Tuesday, April 20, 2010

The First Pacific Ocean Explorers were Natives

Illustration from The Pacific Navigators. / Oliver E. Allen. Alexandria, Virginia: Time Life Books, 1980.

European explorers of the 16th, 17th and 18th centuries encountered Pacific Islanders who matched their ability to navigate unknown waters. The illustration here depicts a band of travelers who migrated, or island-hopped, in search of home, resources and food. Since ancient times, not having adopted nation-statehood, they nonetheless defended themselves. When they lost wars, or ran out of food, the living environment became unsustainable, and they moved on. Polynesians were aggressive voyagers, their survival depended on it. Their story begins as an intimate conversation with nature, not with iron and steel; sailing by celestial navigation, they surpassed European knowledge of the Pacific.

They crossed 15 million square miles of unknown ocean, and by the eighth century had colonized virtually every habitable spec in a vast triangle bound by Hawaii on the north, New Zealand in the southwest and Easter Island to the east.” – Allen, p. 98.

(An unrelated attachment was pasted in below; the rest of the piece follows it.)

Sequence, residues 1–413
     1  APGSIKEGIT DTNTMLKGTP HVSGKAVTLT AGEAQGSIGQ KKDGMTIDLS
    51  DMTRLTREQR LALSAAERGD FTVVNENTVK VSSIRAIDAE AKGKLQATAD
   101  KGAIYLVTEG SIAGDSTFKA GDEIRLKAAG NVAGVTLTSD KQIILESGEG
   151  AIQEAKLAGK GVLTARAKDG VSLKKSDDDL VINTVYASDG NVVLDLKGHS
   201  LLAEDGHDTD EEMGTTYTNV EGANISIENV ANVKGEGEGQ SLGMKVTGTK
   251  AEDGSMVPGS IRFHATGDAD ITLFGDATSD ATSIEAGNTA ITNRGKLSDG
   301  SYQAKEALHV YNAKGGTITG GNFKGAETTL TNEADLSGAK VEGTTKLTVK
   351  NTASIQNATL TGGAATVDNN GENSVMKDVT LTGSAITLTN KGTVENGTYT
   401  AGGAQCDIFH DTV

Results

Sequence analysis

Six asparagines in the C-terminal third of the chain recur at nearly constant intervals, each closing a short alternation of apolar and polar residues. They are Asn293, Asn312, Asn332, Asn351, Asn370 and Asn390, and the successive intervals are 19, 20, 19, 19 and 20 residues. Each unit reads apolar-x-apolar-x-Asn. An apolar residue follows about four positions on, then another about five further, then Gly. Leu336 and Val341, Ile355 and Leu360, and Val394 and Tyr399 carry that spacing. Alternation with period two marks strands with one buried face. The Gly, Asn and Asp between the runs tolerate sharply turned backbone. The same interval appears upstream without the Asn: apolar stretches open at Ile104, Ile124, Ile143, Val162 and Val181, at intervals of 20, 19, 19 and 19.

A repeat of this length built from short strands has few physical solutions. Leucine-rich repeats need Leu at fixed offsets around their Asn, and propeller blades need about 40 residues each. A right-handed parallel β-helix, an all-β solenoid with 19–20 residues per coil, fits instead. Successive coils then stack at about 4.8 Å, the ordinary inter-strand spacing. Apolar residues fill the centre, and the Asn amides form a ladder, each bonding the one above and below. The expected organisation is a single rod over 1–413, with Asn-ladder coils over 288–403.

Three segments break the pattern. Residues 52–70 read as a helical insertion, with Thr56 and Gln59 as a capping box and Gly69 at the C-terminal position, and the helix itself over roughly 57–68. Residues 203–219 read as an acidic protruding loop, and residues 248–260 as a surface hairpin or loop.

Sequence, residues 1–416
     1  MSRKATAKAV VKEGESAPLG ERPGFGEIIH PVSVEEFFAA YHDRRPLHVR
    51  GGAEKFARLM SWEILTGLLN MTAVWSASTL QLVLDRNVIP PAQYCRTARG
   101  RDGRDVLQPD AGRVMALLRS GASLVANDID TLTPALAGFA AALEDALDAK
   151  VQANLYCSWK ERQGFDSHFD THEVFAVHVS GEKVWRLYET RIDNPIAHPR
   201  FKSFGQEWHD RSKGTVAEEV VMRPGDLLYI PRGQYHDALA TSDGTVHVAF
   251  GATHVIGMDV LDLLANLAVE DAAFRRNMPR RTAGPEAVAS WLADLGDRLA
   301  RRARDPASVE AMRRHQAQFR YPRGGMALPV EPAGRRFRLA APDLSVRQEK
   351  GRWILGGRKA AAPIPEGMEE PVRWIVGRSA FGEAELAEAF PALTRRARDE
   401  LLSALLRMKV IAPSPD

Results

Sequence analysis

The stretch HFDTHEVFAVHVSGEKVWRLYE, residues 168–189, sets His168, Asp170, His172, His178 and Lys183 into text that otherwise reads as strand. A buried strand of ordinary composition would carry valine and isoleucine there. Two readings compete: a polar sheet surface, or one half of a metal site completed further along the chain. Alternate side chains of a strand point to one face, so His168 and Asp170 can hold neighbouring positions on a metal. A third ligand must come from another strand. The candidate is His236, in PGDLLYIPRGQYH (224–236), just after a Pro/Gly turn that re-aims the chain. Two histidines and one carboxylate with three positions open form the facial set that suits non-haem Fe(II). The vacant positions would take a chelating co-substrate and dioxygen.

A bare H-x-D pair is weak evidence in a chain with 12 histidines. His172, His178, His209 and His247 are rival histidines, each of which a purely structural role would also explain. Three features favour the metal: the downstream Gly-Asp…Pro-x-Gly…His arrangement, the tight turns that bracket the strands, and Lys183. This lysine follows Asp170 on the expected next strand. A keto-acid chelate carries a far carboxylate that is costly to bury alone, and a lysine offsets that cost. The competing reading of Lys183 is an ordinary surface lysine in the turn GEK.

Explanation of terms used:
argonaut: explained from ancient Greek and common useage.
European explorers of the 16th, 17th and 18th centuries: Magellan was the first circumnavigator; the Dutch claimed the Spice Islands, and finally the British led enterprises of exploration across the Pacific Ocean.

More books about Pacific Islanders from historical points of view:

Argonauts of the Western Pacific. / Bronislaw Malinowski. New York: E.P. Dutton & Company, Inc., 1961. 527 p., illustrations, maps, index.

Malinowski's work considered the lives and customs of the Melanesians of New Guinea. His participation in an expedition there between 1914-1918 culminated in this book, originally published in 1922, became a classic in anthropology in the 20th century.

Ancient Voyagers in Polynesia. / Andrew Sharp. Berkeley and Los Angeles: University of California Press, 1964. 136 p. plus sources and index.

Sharp's explanation of the history of Polynesian voyages of discovery was a lively scholarly debate when it was published in 1963.

Vikings of the Pacific. / Peter H. Buck. Chicago; London: The University of Chicago Press, 1972, c1959. 339 p., illustrations, index.

Written by a native of New Zealand and anthropologist at the Bishop Museum in Hawaii, this account contains the view and the images, both modern and several hundreds of years old, from the collections of the Museum.

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